AUG 25, 2020 10:25 AM PDT

FDA Approves Cannabis Drug to Treat Rare Genetic Disease

WRITTEN BY: Annie Lennon

The US Food and Drug Administration has approved Epidiolex, a cannabidiol (CBD) oral solution, to treat seizures linked to tuberous sclerosis complex (TSC), a rare genetic disease that causes benign tumors to grow on the brain and other organs such as the eyes, heart, and lungs.

Occurring in around 1 in 6,000 people, TSC typically affects the central nervous system. Aside from seizures, it is also known to cause developmental delay and behavioral problems. 

Previously, Epidolex had been approved to treat seizures from two rare forms of epilepsy: Lennox-Gestaut syndrome (LGS) and Dravet syndrome (DS). It is also currently the only FDA-approved drug to contain a purified substance derived from cannabis.

Prior to approval, Epidolex underwent a randomized, double-blind, placebo-controlled trial where 148 patients out of 224 received the drug. The purpose of the study was to measure the difference from baseline in seizure frequency.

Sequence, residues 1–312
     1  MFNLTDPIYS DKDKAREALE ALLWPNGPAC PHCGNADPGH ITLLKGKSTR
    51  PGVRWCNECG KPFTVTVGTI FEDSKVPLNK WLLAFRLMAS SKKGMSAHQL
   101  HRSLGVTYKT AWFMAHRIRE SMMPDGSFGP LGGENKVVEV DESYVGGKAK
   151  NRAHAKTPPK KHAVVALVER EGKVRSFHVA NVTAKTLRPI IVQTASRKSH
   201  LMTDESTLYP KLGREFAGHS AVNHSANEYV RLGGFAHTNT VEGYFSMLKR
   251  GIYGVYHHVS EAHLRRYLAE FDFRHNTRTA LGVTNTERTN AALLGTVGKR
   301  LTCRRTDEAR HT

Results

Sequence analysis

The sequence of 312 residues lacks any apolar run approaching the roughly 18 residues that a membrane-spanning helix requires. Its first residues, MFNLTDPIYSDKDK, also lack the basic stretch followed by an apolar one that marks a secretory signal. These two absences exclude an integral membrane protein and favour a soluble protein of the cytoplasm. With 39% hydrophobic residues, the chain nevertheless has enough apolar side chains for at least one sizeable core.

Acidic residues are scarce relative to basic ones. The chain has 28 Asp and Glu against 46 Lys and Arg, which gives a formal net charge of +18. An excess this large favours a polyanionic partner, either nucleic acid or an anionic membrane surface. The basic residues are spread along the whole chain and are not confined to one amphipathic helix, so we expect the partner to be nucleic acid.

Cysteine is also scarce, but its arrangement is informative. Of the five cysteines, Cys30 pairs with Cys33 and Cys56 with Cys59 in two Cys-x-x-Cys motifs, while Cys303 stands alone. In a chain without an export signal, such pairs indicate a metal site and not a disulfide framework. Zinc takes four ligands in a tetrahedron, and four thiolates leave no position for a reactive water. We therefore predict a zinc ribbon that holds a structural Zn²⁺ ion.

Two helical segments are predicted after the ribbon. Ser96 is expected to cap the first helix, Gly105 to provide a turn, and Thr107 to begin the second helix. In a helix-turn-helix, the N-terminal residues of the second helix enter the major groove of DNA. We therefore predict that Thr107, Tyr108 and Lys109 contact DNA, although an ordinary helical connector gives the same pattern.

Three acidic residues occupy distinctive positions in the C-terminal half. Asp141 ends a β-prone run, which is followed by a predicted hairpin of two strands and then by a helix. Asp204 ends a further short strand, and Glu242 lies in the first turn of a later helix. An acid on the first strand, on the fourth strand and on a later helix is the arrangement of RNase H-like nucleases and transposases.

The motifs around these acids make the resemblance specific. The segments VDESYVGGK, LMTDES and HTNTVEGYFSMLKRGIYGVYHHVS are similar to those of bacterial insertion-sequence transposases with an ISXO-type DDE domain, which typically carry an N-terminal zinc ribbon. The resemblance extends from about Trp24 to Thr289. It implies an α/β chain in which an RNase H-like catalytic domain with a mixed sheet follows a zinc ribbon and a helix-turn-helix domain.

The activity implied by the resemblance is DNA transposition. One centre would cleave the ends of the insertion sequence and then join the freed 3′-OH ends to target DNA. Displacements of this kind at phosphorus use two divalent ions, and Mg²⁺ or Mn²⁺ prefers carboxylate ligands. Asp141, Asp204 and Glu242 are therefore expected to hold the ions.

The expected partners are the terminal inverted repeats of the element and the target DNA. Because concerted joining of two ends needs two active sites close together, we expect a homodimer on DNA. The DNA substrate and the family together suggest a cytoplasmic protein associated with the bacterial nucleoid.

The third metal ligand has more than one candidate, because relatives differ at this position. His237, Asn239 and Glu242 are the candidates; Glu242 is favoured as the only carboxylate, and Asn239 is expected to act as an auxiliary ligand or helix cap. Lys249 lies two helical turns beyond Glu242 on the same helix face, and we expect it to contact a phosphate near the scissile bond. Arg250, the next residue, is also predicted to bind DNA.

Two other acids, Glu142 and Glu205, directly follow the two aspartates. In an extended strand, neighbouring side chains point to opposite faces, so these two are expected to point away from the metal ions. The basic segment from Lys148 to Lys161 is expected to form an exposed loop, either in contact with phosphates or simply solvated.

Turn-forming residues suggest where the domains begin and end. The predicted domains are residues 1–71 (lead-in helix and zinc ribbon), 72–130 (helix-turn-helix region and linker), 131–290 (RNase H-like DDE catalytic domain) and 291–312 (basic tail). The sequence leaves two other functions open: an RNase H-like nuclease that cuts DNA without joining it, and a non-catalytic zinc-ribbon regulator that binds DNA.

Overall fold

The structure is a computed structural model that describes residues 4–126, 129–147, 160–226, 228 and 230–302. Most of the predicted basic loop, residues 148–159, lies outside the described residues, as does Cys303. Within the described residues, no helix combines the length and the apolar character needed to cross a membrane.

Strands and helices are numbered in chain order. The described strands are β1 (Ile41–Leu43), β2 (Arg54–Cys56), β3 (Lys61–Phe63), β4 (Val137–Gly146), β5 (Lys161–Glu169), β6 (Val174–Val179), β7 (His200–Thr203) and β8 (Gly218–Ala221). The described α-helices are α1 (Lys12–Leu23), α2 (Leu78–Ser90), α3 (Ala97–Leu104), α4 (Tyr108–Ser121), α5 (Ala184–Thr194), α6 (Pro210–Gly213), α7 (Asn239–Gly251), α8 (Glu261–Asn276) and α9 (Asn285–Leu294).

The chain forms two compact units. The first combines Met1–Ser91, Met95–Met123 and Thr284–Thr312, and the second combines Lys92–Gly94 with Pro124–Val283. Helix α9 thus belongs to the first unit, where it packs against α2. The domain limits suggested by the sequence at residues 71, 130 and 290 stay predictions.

In the end, the researchers found that patients treated with Epidolex had a significant reduction in the frequency of seizures during the treatment periods than those on the placebo. The effects were seen within eight weeks and remained throughout the 16-week treatment period. 

The most common side effects form the drug in patients with TSC included diarrhea, elevated liver enzymes, decreased appetite, fever, sleepiness, and vomiting. Less common side effects for patients, regardless of condition, include liver injury, reduced weight, anemia, and increased creatinine, a sign of impaired kidney function.  

Given its potential for negative side effects (findings from a human trial showing that between 5% and 20% of patients receiving the drug suffered from liver damage), extreme care is needed for those who take it. As such, after prescription by a physician, parents, caregivers, and families are advised to monitor any unusual changes in mood or behavior, including worsening depression and suicidal thoughts, among those taking the drug. 

 

Sources: LabRootsMedical News

About the Author
  • Science writer with keen interests in technology and behavioral biology. Her current focus is on the interplay between these fields to create meaningful interactions, applications and environments.
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